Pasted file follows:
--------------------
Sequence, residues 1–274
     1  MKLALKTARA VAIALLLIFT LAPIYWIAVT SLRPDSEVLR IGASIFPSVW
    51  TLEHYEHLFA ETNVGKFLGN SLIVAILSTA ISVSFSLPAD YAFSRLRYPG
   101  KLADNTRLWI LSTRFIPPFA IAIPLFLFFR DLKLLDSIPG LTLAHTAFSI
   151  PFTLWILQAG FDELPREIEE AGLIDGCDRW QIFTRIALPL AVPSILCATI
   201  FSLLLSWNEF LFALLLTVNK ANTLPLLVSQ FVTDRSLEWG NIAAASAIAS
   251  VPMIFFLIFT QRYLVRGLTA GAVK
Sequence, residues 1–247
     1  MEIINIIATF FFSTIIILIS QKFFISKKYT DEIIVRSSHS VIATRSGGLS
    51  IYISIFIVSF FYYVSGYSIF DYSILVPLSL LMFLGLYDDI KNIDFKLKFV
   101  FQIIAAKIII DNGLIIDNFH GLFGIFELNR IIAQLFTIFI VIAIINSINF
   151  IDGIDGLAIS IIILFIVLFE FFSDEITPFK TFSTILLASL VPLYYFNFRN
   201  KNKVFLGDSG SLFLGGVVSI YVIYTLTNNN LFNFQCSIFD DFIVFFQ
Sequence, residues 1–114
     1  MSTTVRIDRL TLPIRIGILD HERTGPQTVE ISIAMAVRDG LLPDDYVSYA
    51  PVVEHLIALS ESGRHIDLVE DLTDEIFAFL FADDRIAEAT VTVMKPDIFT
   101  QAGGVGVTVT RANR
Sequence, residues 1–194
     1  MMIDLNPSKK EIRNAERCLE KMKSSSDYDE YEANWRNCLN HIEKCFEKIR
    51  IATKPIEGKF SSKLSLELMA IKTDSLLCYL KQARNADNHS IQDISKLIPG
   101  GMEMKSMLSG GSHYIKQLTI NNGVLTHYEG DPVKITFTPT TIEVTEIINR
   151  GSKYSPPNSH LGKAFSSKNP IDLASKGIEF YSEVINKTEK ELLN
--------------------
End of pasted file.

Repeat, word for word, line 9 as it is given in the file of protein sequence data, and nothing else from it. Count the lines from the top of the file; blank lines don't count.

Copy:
     1  MEIINIIATF FFSTIIILIS QKFFISKKYT DEIIVRSSHS VIATRSGGLS